In the 1980s, when the economy was in the doldrums, Congress allowed nonprofit lenders — those that finance their loans with tax-exempt bonds — a guaranteed return of 9.5 percent. Congress eliminated the 9.5-percent guarantee in 1993 but grandfathered in loans already made. Several state-chartered nonprofit lenders, however, maintained that the government's regulations allowed them to keep receiving the 9.5-percent return by simply refinancing bonds issued before the cutoff date.
Some loan companies collected at least $6-billion in additional federal subsidies, according to a 2004 report by the Institute for College Access & Success. Pheaa ranked second only to the National Education Loan Network, a for-profit student-loan provider based in Nebraska that had bought some nonprofit agencies, in the volume of loans it submitted for the extended 9.5-percent reimbursement, the report said.
For several years, the subsidies from the 9.5-percent program provided Pheaa with a "rather large portion" of its profits, Pheaa's chief executive, Richard E. Willey, told state legislators at a hearing in February.
Over those same years, Pheaa executives embarked on a spending spree, incurring expenses such as $45,000 to charter a Lear jet, and more than $860,000 on trips that included spa treatments for spouses and staff members, limousine rides, and falconry lessons.
The spending was first reported by The Patriot-News of Harrisburg and other news organizations in Pennsylvania that spent 19 months fighting for public access to the records. Pheaa spent $410,000 opposing the disclosure.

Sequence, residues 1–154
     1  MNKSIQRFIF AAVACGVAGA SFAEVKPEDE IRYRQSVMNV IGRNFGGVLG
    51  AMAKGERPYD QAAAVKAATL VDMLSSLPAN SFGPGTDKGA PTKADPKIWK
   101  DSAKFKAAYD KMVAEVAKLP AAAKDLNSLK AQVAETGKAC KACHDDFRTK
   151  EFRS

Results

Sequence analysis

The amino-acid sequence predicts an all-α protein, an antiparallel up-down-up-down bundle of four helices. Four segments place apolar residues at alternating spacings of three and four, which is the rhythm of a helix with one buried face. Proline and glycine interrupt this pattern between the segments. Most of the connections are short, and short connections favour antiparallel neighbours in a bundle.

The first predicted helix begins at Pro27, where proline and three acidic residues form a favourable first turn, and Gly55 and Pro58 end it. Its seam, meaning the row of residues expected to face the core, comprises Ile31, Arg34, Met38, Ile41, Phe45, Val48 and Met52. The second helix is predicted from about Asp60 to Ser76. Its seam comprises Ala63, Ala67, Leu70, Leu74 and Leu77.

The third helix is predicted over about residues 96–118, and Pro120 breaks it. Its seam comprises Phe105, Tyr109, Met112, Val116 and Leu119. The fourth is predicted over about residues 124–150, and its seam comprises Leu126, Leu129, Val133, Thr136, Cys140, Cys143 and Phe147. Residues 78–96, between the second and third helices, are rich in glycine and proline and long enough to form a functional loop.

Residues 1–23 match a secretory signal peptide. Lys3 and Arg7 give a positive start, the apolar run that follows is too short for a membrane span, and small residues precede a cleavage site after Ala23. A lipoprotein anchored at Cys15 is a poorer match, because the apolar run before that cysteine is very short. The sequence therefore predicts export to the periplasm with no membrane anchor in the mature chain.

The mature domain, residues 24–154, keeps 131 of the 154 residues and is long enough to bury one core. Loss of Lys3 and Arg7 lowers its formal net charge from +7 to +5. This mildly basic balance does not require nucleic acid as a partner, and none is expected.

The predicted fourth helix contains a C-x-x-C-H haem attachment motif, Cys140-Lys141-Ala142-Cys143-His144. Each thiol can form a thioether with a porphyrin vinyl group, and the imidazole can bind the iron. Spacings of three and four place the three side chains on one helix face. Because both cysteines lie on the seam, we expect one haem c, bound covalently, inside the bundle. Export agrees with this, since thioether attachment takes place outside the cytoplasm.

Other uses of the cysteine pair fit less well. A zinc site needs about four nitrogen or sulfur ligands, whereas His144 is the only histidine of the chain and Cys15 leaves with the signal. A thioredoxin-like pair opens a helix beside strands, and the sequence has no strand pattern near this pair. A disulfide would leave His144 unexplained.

Pennsylvania is now among a few states that are re-evaluating the benefit that such entities provide their students. Gov. Edward G. Rendell, a Democrat, and some members of the legislature have given encouragement to persistent suggestions by Sallie Mae that it purchase Pheaa assets.
State Rep. Craig A. Dally, a Republican, while expressing support for Pheaa's mission, told Mr. Willey at the February hearing, "You've certainly caused some of your own problems."
This year in Missouri, Gov. Matt Blunt, a Republican, signed into law a measure ordering the Missouri Higher Education Loan Authority to sell some of its student loans to help pay for $350-million in college construction projects. That was short of the outright sale of the agency that had been under debate.
Even critics of some of the behavior of nonprofit lenders agree that they might be a better alternative.
Nonprofit lenders and servicers "tend to be more responsive" to students, said Alan Collinge, founder of StudentLoanJustice.org, an advocacy group.
Yet, he said, "All lenders, whether nonprofit or for-profit, are operating in an extremely lucrative environment, and are protected by largely the same sets of laws that provide little protection for the borrowers, and allow huge fees, and draconian collection tools for delinquent debt."
The nonprofit agencies do give more money to students than for-profit lenders do; most pay their executives less; and none have been found engaging in such practices as making payments to college administrators or helping colleges shape their enrollments to steer needy students into larger loans, said Jon H. Oberg, a former U.S. Education Department researcher.
Pheaa's profits are used for purposes like forgiving the debt of active-duty soldiers and encouraging the training of more nurses in Pennsylvania. Brazos runs seminars to help high-school students understand their loan options. Edfund donates to groups like the Orphan Foundation of America.
"The not-for-profits are obviously not clean on a lot of things," Mr. Oberg says, "and that's why Congress really needs to reform them."
Yet the nonprofit lenders could also be seen by Congress as allies, especially as students increasingly face the need to finance their education through the growing private loan industry, he said.
"That," Mr. Oberg says, "is where their tax-exempt privileges and so on could do students and taxpayers of the country a real service."